Escape from a death world in this satirical Starfinder adventure.
PLANET DEATH by Mark Martin (Mallifaux V2 & Durst Warfare) is an incredible Starfinder adventure that takes characters from a backwater death planet that is equal parts Smash TV, Battle Royale, and the Hitchhiker’s Guide to the Galaxy. PLANET DEATH (which I cannot help but type in all-caps no matter what) walks a fine line–parody/comedy in an RPG is hard to do in the first place. A lot of times the humor comes from the players reacting to a situation–but it manages to really work with that expectation. A big part of this is in setting the tone.
So let me diverge from talking about the adventure here for just a minute, we’ll get back to it, but I want to point out what this adventure does and how it makes comedy work for it. The basic premise of the adventure is that your party is a gang trying to survive on a barren waste of a world that has been strip-mined–and things are in dire straits when they hear about the 138th Season of PLANET DEATH. From then on, they are embroiled in this life-or-death game show (assuming they can make it)–but that’s just sort of the trappings.
The real gem here is the tone of the adventure. It starts with the premise: players are competing to escape, but the whole thing is televised for the entertainment of the masses–and then it digs down into what that means for the world. This is a bleak place, but it’s bleak in that very corporate/logical conclusion taken to an extreme kind of way. It’s a world where it feels like this kinda game show would absolutely be a form of entertainment, because so much of the world is as comically bleak. The world was strip-mined and the players are the descendants of the non-key personnel who were left behind on a dying world when the company who ‘owned’ it abandoned it.
Now they explore a world populated by cannibals and other gangs–but the real part is the world. There’sthe abandoned factory owned by a company called Kydko, which makes products For Kyds and by Kyds–everything is slime based, there. Or you’ll find Corporate sponsors who specialize in supplying the PCs with various boons, but also have agendas of their own. These aren’t necessarily agendas that run counter to the PCs, or even that the PCs can help with. One is all about selling medical supplements (Brord Medical gels–they’re the gelliest). Or there’s the section where the PCs have to answer an interview, or deal with a musical episode.
Did someone say musical episode?
The whole thing very much feels like this manic bloody tv-show/fever dream. And it works. It plays for laughs, but the adventure does it by grounding the weirdness in that same tone of corporate overreach gone mad. And with that as a baseline, it’s able to play to its strengths. All of this stuff doesn’t feel weirdly out of place. They set the tone to give them the freedom to play with this kind of territory. And then they mine this premise for what it’s worth.
Kinda like me and this picture.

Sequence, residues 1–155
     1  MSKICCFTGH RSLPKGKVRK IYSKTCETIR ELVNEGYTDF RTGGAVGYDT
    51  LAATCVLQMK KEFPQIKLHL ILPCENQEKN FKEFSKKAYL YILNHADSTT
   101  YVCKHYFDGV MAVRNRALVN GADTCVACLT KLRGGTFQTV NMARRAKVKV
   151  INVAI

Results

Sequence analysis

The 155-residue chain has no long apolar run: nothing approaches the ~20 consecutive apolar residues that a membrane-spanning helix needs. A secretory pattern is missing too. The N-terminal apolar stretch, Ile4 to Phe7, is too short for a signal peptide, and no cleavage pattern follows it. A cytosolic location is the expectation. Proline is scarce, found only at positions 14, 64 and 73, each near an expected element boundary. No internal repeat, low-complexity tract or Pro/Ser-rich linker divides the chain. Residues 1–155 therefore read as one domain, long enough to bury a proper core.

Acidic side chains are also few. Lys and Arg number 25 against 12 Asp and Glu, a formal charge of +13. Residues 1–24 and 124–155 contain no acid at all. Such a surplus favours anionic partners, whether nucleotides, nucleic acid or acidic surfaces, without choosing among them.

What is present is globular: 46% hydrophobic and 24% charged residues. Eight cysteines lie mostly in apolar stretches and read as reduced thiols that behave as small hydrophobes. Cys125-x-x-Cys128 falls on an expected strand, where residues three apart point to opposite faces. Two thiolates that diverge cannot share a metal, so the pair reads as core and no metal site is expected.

Alright back to the thrust of the adventure. It’s a fairly sandbox-y kind of thing. The players, once they qualify for a spot in the show, are given a time limit (90 days) and there are some pre-planned events that play out according to player progression–it’s an ingenious way to handle an open world adventure, because the players have freedom to do whatever, but they have both a goal to achieve (build a starship and escape) and motivation to do so (there’s a clock). So they can faff about, but only so much.
And the adventure presents its encounters in terms of events. So you can kind of tweak it to fit what your group is doing–and because this is a show, the players can track the progress of other gangs, see what else they’re up against, even see themselves in the Highlight Reel.
It’s always Bastion. Or Torbjorn.
At any rate, the other thing the Sandbox phase of the game does well, is it has an endgame that it’s building towards. There’s a chart for GMs to follow along with that showcases what the other gangs are up to (which you can adjust to help push your game along as needed), but there’s a big showdown with a big liftoff event.
And that right there is what makes this game stand out–they understand that the PCs might lose. Or they win. But the adventure sets them up for continuing adventures either way–this is a great way to introduce your PCs to the world of Starfinder AND, moreover, this is a great primer for any GM who has ever been considering a sandbox type adventure. There’s a lot to learn from this–so it’s definitely recommended. It does require your group to buy in to the tone. People wanting space opera might have a harder time getting into the game, but, ultimately if you can get everyone on board, this is well worth your time, whether as a one-shot or campaign kick-off.
Stygian Stars: PLANET DEATH – $8.99
The star of the Ades system will soon destroy the fourth world in nuclear fire, scouring the scattered survivors still clinging to life beneath the dry ocean beds. But where no hope remains the RGR Broadcasting company is happy to announce the one hundred and thirty-eighth season of PLANET DEATH the most popular combat survival competition in the Stygian Stars!
This 60-page adventure brings PCs from level 1 to level 5 as they compete on an intergalactic game show, live for the universe to watch!
– A player’s guide for the Stygian Stars adventure series
– Full stat blocks for every encounter
– Player handouts for all three sections of the adventure
– Texture maps and text tokens for online play
I’d buy that for a dollar!